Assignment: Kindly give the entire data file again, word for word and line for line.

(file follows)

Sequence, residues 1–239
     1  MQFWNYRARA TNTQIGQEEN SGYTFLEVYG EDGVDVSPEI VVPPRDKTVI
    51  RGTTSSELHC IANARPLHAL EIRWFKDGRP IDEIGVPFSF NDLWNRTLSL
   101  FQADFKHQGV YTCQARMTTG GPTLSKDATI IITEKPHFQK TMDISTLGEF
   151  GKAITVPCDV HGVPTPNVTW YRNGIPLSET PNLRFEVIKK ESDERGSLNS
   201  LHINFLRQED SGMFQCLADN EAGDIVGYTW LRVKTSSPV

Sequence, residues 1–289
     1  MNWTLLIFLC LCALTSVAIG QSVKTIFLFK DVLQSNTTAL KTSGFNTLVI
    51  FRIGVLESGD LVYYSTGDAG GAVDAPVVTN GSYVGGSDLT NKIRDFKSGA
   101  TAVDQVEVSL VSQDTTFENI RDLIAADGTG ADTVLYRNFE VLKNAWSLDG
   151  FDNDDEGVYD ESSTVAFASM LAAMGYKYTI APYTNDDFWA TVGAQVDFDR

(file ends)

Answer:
Sequence, residues 1–239
     1  MQFWNYRARA TNTQIGQEEN SGYTFLEVYG EDGVDVSPEI VVPPRDKTVI
    51  RGTTSSELHC IANARPLHAL EIRWFKDGRP IDEIGVPFSF NDLWNRTLSL
   101  FQADFKHQGV YTCQARMTTG GPTLSKDATI IITEKPHFQK TMDISTLGEF
   151  GKAITVPCDV HGVPTPNVTW YRNGIPLSET PNLRFEVIKK ESDERGSLNS
   201  LHINFLRQED SGMFQCLADN EAGDIVGYTW LRVKTSSPV

Sequence, residues 1–289
     1  MNWTLLIFLC LCALTSVAIG QSVKTIFLFK DVLQSNTTAL KTSGFNTLVI
    51  FRIGVLESGD LVYYSTGDAG GAVDAPVVTN GSYVGGSDLT NKIRDFKSGA
   101  TAVDQVEVSL VSQDTTFENI RDLIAADGTG ADTVLYRNFE VLKNAWSLDG
   151  FDNDDEGVYD ESSTVAFASM LAAMGYKYTI APYTNDDFWA TVGAQVDFDR